Well, one thing that astrology is NOT is a science.  To summarize centuries of development, science is a process by which hypothesis are tested via empirical data and then the theory is modified to fit the data.  As anyone objective can easily see, astrology works precisely opposite.  The results are given first (Scorpios kick babies, prefer to drink white wines and are only compatible with Gemini) and then the data is peered at through distorting lenses to make it seem like it fits.  It is much more akin to a religion than a science.  Wikipedia calls it a pseudoscience, because it attempts to clothe non-scientific methods within a scientific framework, but I think Wikipedia is being both generous and politically correct (can’t get funding if potential donors are offended).

Funny Fortune Cookie

So when discussing this, the defenders of astrology will say that testing is unnecessary because there are millennia of tradition behind it, and there’s no need to verify further. Er…  Yeah, that would also have worked when Columbus was yammering about the Earth not being flat.

So… why do people insist that it’s a science? Well, despite the growing trendiness of aggressive ignorance disguised as “a democratic right to different points of view”, there is still a feeling in society that science and logic are much more intellectually respectable than spiritualism.  So people lie to themselves (and attempt unsuccessfully to lie to intelligent observers) in order to feel respected as opposed to the alternative: feeling like ignorant cretins when faced with the raised eyebrow of a respected member of the peer group.  It’s better to dismiss logical arguments as “the limitations of people who think they’re educated” than to just admit that astrology is more of a fun, brain-dead way to spend time – like watching Dancing with the Stars – than anything approaching a science.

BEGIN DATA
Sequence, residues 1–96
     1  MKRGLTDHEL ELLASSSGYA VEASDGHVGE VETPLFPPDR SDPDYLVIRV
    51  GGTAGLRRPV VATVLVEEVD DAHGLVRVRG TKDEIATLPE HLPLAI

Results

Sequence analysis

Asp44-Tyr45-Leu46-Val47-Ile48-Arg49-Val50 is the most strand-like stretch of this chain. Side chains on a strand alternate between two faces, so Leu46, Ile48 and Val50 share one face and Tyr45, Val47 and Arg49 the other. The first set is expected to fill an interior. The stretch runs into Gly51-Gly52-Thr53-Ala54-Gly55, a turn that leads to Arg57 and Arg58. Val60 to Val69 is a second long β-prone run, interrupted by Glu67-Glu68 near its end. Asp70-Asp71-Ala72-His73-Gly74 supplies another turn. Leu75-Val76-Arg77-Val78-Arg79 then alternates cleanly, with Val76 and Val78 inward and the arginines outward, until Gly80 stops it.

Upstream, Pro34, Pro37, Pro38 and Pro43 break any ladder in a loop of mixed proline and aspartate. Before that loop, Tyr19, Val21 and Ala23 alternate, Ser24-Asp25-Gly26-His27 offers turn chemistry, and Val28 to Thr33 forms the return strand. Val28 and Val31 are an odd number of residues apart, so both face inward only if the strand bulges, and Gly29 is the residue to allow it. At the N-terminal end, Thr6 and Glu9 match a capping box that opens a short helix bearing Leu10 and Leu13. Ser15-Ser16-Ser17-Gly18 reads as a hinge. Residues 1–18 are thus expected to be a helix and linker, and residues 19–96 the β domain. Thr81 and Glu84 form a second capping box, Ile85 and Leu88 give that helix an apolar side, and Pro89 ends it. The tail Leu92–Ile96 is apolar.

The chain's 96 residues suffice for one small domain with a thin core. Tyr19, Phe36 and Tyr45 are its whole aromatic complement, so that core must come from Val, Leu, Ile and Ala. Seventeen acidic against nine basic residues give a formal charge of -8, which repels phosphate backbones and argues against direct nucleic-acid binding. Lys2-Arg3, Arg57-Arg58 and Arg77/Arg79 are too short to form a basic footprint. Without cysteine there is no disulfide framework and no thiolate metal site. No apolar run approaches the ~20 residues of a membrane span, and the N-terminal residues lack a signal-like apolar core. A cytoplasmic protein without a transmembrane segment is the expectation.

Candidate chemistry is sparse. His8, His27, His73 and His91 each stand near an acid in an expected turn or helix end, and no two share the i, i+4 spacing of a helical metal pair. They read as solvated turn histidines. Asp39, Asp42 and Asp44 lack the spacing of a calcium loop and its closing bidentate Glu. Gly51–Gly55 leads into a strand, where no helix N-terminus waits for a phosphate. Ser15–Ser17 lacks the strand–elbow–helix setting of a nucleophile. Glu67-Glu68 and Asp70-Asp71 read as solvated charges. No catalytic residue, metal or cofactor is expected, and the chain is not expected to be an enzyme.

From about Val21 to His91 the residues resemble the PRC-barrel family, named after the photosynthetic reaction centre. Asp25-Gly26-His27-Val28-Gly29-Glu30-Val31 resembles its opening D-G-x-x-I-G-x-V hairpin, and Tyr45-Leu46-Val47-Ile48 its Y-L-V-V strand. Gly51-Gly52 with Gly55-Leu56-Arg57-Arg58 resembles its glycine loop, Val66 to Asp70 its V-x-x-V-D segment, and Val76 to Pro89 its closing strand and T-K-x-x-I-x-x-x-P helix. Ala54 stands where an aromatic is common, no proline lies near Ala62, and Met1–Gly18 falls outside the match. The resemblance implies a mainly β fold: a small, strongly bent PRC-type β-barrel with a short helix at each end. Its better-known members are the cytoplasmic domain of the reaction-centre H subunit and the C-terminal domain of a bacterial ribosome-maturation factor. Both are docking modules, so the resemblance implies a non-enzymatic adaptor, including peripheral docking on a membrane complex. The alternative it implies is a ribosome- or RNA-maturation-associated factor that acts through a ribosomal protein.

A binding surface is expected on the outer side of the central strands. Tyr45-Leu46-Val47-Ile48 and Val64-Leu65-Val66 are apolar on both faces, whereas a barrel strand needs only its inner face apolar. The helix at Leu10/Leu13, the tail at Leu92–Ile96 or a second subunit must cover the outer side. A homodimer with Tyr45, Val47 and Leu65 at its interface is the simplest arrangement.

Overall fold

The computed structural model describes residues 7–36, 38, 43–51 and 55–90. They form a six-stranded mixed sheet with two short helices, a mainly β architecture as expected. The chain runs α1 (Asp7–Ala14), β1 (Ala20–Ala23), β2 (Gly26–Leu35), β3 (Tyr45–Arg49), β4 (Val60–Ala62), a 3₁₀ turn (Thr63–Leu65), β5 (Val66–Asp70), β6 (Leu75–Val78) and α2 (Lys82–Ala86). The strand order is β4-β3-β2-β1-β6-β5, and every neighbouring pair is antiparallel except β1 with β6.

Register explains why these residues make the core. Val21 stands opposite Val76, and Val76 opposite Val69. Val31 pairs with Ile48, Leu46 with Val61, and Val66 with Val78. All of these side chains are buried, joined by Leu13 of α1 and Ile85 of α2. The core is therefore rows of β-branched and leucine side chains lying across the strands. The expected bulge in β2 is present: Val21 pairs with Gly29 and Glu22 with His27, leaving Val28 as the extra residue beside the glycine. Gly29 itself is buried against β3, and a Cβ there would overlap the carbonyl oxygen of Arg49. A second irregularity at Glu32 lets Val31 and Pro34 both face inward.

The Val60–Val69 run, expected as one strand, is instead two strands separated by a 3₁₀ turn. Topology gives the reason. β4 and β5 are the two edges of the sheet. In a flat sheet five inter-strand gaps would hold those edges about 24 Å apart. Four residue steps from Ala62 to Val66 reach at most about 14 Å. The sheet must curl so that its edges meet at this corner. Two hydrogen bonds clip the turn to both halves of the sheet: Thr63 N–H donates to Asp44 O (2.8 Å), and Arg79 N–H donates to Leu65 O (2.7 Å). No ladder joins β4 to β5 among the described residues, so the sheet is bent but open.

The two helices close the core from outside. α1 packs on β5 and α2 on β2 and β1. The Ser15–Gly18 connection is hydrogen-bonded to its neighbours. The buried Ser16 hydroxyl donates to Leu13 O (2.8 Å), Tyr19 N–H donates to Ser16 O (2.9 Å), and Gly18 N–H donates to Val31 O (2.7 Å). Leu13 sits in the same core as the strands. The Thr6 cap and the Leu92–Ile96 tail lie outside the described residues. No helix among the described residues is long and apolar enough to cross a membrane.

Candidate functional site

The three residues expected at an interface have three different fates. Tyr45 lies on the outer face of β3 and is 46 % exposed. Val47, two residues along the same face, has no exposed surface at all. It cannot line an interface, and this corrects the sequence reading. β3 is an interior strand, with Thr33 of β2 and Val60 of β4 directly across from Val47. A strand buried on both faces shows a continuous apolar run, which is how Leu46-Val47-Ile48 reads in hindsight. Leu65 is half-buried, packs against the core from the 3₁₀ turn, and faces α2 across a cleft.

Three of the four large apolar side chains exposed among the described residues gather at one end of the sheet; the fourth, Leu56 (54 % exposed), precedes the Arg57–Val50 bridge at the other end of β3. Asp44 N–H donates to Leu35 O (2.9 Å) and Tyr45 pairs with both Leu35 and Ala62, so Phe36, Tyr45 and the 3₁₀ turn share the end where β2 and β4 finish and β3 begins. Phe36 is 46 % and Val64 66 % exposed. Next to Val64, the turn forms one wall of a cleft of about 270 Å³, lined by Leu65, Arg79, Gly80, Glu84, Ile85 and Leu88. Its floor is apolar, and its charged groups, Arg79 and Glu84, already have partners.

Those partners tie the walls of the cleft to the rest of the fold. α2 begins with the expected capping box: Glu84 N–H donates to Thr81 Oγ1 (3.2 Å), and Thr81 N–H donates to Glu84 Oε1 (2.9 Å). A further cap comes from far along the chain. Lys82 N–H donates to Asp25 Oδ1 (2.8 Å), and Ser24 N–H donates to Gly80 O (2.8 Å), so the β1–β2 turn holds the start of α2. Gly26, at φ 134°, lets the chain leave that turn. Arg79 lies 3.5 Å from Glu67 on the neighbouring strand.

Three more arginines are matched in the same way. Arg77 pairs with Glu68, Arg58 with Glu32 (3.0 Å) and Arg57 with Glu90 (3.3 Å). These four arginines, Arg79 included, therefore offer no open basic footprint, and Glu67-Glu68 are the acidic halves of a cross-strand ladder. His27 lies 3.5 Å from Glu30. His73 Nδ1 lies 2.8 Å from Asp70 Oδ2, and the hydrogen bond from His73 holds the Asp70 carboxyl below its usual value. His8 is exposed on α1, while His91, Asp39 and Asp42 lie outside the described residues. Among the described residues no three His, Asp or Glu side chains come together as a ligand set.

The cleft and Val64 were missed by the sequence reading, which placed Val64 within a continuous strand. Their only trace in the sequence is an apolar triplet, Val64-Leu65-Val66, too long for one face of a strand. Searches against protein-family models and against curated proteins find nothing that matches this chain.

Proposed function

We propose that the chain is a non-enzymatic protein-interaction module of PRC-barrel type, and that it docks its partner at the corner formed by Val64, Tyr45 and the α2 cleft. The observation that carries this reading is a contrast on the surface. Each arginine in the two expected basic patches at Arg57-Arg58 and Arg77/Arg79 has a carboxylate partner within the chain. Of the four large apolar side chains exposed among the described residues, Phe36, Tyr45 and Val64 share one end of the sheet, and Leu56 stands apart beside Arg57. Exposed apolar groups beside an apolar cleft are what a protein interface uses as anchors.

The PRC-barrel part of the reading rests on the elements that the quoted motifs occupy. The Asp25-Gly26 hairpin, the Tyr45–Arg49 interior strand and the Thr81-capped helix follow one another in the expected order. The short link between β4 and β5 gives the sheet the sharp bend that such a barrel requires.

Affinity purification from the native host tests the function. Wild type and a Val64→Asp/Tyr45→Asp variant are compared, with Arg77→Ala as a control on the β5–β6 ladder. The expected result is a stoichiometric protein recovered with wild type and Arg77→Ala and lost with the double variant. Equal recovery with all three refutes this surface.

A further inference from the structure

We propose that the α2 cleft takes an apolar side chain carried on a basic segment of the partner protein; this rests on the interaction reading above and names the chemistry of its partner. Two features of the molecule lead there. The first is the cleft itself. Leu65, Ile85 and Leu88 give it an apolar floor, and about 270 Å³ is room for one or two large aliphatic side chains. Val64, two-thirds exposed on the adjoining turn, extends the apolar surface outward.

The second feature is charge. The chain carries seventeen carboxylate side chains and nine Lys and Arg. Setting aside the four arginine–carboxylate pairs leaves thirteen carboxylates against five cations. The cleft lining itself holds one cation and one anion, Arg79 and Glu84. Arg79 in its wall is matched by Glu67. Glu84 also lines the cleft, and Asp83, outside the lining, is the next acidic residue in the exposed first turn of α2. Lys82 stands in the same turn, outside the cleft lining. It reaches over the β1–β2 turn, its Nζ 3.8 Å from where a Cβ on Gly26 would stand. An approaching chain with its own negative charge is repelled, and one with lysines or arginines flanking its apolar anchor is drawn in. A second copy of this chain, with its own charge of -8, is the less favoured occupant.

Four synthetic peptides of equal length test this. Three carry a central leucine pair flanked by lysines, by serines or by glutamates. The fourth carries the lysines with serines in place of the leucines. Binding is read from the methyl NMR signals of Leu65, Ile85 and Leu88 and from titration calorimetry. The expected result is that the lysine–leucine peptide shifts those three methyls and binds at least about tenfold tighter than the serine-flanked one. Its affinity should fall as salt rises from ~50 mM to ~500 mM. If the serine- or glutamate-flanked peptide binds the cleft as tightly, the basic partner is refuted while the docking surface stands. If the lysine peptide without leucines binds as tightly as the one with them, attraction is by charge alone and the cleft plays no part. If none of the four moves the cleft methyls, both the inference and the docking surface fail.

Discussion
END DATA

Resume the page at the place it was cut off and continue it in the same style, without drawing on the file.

Screen Shot 2015-01-06 at 11.14.07 AM

Just like math

The discussion of whether mathematics is or isn’t a science probably would have gone over her head, but this article on the topic is simply awesome, especially the bit about Cicadas, so I just had to link it here.

Ok, so that’s the breakdown of her phrase, but the more disturbing bit is her sense of security that society would back her up.  In this case, I tend to agree with her.  That is a bit worrying, and it led me to asking myself why society seems to prefer to support certain ignorant theories and marginalize people who try to debunk them as elitists*